Santería or Regla de Ocha

Thursday, January 25th 2024. | Afrocuban, Religions

When you listen to the term santeria, dont think about the saints of the Catholic Church, but on the believes of different ethnic groups of the Yoruba African culture that arrive to Cuba during the traffic of slaves.

The Santeria or Regla de Ocha was formed in the western provinces of the Island at the end of the 19th century, and in the 30s it extended to the eastern provinces.

In this creed the orishas (deities) and the ancestors are worshiped, their main functions are to protect their devotees and guide their lives. In order to take decisions and have certain behaviours, the believers use the interpretation of the ample conceptual paradigms gathered in myths, legends, proverbs and sentences that characterized each deity.

The relationship spirit-fetish–magic has an especial place in this religious expression. The otanes (stones) are objects symbolizing the supernatural power of the orishas worshiped.

The ceremonies are also diverse, and have several objectives: initiation, propitiatory (ebbó), divination (oracle) and funerary (itufo). They express the concepts, ideas and religious representation of the devotees, who celebrate them regularly. The babalawo is the top figure in the hierarchy. He is followed by the babalochas( godfathers in the santeria) and the iyalochas( godmothers).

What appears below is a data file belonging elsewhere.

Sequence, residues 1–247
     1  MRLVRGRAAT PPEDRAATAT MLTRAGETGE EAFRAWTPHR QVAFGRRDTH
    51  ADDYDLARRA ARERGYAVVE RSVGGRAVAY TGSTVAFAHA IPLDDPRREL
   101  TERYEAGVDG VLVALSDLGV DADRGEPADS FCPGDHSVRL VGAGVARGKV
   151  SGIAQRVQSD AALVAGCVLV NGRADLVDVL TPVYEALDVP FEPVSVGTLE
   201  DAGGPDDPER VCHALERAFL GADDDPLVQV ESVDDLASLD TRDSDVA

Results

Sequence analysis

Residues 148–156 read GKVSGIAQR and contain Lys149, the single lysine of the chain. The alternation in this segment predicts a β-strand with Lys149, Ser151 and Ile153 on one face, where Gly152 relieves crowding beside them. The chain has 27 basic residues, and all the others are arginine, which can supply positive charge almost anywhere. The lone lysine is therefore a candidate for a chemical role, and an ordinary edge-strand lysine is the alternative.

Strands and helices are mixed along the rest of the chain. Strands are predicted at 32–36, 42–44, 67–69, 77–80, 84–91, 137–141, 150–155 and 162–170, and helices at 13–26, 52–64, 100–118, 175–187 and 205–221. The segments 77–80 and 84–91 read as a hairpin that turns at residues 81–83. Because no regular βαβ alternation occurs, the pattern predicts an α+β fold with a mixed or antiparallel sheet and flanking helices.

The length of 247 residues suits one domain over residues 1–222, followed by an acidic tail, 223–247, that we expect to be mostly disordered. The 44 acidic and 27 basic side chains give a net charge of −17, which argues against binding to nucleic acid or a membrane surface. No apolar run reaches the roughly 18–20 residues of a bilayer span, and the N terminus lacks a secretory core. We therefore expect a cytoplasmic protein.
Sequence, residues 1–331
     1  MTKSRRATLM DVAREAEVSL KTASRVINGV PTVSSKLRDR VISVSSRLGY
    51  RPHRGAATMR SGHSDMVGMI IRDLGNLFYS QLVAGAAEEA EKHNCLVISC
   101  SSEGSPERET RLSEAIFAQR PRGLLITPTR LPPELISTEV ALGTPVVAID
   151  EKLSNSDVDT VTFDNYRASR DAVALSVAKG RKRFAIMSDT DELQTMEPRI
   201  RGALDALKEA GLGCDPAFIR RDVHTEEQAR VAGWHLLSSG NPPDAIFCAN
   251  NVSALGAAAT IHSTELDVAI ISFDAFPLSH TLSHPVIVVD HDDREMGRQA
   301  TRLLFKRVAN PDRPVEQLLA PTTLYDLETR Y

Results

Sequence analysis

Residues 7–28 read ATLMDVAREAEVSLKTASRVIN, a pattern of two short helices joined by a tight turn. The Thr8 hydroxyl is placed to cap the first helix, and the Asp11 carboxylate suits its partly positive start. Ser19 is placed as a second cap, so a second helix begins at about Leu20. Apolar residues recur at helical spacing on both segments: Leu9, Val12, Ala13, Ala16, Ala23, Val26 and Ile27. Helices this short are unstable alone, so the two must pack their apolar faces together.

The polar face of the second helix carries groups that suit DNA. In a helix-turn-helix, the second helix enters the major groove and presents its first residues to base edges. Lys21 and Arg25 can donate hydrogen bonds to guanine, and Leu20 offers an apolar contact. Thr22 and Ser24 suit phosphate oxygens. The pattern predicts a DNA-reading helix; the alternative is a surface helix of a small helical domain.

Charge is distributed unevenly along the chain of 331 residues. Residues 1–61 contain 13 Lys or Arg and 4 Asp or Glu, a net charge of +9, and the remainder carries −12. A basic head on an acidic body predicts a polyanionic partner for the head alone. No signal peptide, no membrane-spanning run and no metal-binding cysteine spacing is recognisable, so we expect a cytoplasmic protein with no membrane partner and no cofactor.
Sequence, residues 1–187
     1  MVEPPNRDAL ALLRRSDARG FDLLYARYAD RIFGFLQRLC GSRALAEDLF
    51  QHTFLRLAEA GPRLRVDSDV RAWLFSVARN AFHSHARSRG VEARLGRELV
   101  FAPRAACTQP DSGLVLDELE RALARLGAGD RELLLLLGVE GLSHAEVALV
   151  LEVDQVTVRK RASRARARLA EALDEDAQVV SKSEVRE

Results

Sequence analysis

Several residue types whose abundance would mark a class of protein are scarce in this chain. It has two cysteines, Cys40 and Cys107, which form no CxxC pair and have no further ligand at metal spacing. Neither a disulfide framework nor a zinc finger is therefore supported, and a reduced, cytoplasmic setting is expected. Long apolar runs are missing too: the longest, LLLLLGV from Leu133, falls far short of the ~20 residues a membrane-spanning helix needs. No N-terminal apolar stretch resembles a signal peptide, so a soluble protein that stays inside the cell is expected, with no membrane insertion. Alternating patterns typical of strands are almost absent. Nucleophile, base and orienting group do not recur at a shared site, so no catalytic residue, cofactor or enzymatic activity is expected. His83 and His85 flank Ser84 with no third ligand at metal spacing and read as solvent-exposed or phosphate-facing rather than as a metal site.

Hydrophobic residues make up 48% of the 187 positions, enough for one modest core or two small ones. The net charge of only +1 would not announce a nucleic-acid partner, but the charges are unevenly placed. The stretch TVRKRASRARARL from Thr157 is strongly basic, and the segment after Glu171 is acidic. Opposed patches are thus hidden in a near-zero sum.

They are in charge of making the ceremony of consecration and to support the devotees. The oriaté are specialized on the reading and interpretation of the oracle Diloggún (snail), which deals with the elimination of the (itá), taboos the devotee will suffer during his/her life after the initiation.

The obba is another important figure. Its function is to supervise the consecratory ritual; on the other hand, oyubbona or yimbona accompanies and guides the newly born in all his/her actions during the seven days that last the ceremony to become a saint.

The devotees are organized in independent groups, beginning on the base of the religious family (godparents-godsons), it continues in the religious house (form by several families), and it can derive in to an independent branch. Havana has well known branches as: Ainayobo, Aldewaro, Ashakún, Atun, Awapitico, Oddun Tawade, Tillako, Ochailu, Maleque the great and Maleque the small, etc. Every group has a religious leader.

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